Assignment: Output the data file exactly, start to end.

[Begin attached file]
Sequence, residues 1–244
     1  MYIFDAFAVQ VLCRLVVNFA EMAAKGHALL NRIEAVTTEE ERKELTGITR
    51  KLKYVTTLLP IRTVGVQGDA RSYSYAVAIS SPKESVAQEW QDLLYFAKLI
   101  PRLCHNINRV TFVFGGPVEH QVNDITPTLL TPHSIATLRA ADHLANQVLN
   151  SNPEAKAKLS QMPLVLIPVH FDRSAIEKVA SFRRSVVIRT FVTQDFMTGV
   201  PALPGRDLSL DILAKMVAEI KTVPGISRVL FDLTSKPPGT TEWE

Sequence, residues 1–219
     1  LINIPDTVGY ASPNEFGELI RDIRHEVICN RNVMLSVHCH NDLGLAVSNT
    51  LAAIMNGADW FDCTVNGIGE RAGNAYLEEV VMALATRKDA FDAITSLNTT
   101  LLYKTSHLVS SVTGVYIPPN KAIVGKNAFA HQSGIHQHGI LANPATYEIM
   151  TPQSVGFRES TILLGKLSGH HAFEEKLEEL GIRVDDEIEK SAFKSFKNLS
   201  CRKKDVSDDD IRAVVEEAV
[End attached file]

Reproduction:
Sequence, residues 1–244
     1  MYIFDAFAVQ VLCRLVVNFA EMAAKGHALL NRIEAVTTEE ERKELTGITR
    51  KLKYVTTLLP IRTVGVQGDA RSYSYAVAIS SPKESVAQEW QDLLYFAKLI
   101  PRLCHNINRV TFVFGGPVEH QVNDITPTLL TPHSIATLRA ADHLANQVLN
   151  SNPEAKAKLS QMPLVLIPVH FDRSAIEKVA SFRRSVVIRT FVTQDFMTGV
   201  PALPGRDLSL DILAKMVAEI KTVPGISRVL FDLTSKPPGT TEWE

Sequence, residues 1–219
     1  LINIPDTVGY ASPNEFGELI RDIRHEVICN RNVMLSVHCH NDLGLAVSNT
    51  LAAIMNGADW FDCTVNGIGE RAGNAYLEEV VMALATRKDA FDAITSLNTT
   101  LLYKTSHLVS SVTGVYIPPN KAIVGKNAFA HQSGIHQHGI LANPATYEIM
   151  TPQSVGFRES TILLGKLSGH HAFEEKLEEL GIRVDDEIEK SAFKSFKNLS
   201  CRKKDVSDDD IRAVVEEAV